2010-12-17 Spike activity

Quick links from the past week in mind and brain news:

The Guardian asks whether the internet encourages insidious and bullying behaviour? Well, does it, punk?

We typically don’t remember our early years but it turns out this amnesia develops over time, as a brilliant piece on ‘The shifting boundary of childhood amnesia‘ at Psychology Today recounts.

BBC Radio 4 had a good documentary on the influence of Freud on British culture. Only three more days to listen – annoying, I know.

There’s a brilliant post on consciousness, mental time travel and the brain over at the consistently excellent Neuroskeptic.

BBC News report on the switch to short-acting barbiturate pentobarbital for the death penalty in the US. “a sedative typically used to put down animals” says the BBC, although they don’t mention it’s also used in the acute treatment of epileptic seizures.

Science News covers a new study on the intriguing but not very pleasant hallucinogen salvia divinorum.

Dan Ariely’s blog Irrationally Yours looks at how perception of value relates to worker effort not results.

The woman with no fear (and no amygdalae). Coverage from Not Exactly Rocket Science and Neurophilosophy outdid all the mainstreams.

The New York Times has a Bayesian take on Julian Assange: “…from the standpoint of Bayesian reasoning, to think we can separate out the merits of the charges from their political motivations.”

Footage of Freud and psychoanalysis – from the 1940s. Advances in the History of Psychology finds two archive gems.

The Guardian science blog covers an interesting study that tested whether sleep deprivation can prevent post-traumatic stress disorder.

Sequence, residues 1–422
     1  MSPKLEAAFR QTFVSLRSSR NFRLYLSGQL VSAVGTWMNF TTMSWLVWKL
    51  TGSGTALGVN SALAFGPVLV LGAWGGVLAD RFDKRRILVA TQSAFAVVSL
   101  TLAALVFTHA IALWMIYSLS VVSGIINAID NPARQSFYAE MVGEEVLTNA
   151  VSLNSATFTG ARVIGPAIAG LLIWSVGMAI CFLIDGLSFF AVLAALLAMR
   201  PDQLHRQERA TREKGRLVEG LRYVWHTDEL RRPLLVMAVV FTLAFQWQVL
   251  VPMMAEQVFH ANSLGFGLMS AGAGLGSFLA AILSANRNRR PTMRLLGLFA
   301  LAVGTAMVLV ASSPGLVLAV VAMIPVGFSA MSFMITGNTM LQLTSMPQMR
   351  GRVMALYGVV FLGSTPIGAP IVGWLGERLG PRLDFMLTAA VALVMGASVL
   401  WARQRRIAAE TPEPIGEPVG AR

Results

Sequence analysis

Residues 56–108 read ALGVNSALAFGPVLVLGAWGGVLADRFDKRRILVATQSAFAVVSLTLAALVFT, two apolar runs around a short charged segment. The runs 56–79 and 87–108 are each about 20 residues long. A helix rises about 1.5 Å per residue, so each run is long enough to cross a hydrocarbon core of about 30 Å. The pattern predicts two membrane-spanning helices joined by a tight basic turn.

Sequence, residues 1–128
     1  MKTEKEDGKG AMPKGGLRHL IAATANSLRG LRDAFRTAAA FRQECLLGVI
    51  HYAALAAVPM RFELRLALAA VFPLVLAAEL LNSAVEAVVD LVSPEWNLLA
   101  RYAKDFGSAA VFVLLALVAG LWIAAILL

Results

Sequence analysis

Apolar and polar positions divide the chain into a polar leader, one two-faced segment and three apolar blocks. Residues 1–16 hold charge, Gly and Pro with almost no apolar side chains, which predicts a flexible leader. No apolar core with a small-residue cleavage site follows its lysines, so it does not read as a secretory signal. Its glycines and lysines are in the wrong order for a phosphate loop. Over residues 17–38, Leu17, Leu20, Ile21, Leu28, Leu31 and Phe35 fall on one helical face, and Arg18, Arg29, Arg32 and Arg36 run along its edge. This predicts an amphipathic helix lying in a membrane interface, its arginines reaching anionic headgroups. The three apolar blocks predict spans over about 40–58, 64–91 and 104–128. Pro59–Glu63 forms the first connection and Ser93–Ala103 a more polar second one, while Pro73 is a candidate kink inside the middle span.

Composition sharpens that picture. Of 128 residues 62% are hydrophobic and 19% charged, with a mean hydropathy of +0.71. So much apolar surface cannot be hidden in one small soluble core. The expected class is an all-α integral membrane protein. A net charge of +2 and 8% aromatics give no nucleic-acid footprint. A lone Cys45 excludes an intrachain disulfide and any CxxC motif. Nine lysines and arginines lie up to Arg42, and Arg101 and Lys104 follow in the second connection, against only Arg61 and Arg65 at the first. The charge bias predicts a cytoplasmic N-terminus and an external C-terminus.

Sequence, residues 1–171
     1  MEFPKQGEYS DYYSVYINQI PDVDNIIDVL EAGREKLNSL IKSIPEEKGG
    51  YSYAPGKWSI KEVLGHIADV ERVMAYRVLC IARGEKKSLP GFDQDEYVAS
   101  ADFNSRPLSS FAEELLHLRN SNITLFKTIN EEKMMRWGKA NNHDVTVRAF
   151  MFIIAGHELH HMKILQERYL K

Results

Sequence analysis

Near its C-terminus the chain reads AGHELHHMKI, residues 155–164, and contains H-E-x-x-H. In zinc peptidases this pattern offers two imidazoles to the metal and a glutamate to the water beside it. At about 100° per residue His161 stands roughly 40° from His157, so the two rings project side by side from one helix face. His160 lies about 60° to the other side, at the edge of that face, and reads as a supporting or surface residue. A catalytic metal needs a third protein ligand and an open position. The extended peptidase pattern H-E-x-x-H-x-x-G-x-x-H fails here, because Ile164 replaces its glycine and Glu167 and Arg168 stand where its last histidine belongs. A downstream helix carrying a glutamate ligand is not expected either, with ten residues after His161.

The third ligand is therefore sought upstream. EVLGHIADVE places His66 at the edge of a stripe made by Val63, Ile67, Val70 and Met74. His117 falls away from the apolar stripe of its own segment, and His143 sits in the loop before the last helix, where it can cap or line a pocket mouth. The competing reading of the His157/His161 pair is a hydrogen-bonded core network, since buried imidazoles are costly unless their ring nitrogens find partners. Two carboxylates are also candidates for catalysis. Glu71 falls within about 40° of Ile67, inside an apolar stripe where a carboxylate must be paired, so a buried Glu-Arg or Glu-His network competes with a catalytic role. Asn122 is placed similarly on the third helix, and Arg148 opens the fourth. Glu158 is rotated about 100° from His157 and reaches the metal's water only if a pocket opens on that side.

For the first time, marijuana use is more common in American kids than cigarette smoking. The excellent Addiction Inbox has a great write-up.

Macleans has a great piece on fashionable paranoias. Nothing to fear but wifi and fluoride.

There’s an excellent analysis of how top flight science journals handle studies on language over at Child’s Play. In brief, they don’t.

The New York Times has a long but rewarding piece on ‘embodied cognition‘ by philosopher of mind Andy Clark.

The top 10 psychology studies of 2011 have been selected with excellent taste by Neuronarrative.

You all know the excellent Brain Ethics blog has just been relaunched right? New pieces on how to teach neuromarketing and whether genes make up your mind.

The Journal of the American Academy of Psychiatry and the Law has a thoughtful piece by a psychiatrist reflecting on Foucault, forensic psychiatry, and committing patients to hospital against their will.

We believe we have more free will than other people. Neurotic Physiology feels compelled to cover this fascinating new study.

The Guardian science blog has an eye-opening piece about the discrepancy between which childhood neurological disorders get the funding and which are most common.

The way in which data is collected for a psychology study affects the sort of people who volunteer. The BPS Research Digest covers the subtle effects of research design.

New Scientist has the best books of 2010 as chosen by neuroscience Steven Rose.

Psychologically inclined filmmaker Adam Curtis finds a social history gem on his BBC blog The Medium and the Message: a 1969 British documentary on the office Christmas party.

Seed Magazine looks at the science of interconnectedness and understanding risk in a connected world.

Contrary to lay wisdom, high trusters were significantly better than low trusters were at detecting lies. Barking up the Wrong Tree covers a counter-intuitive study.

5 thoughts on “2010-12-17 Spike activity”

  1. “…..sedative typically used to put down animals”.

    Ah! language! “execute”, “put down” “animals”, “criminals” – how our word choices do our work!

  2. I agree with Simon – that Office Party documentary! the people! the hair! the cigaretttes! the commentator’s voice! I haven’t heard “accounts” pronounced as though the second syllable were a “y” in years……

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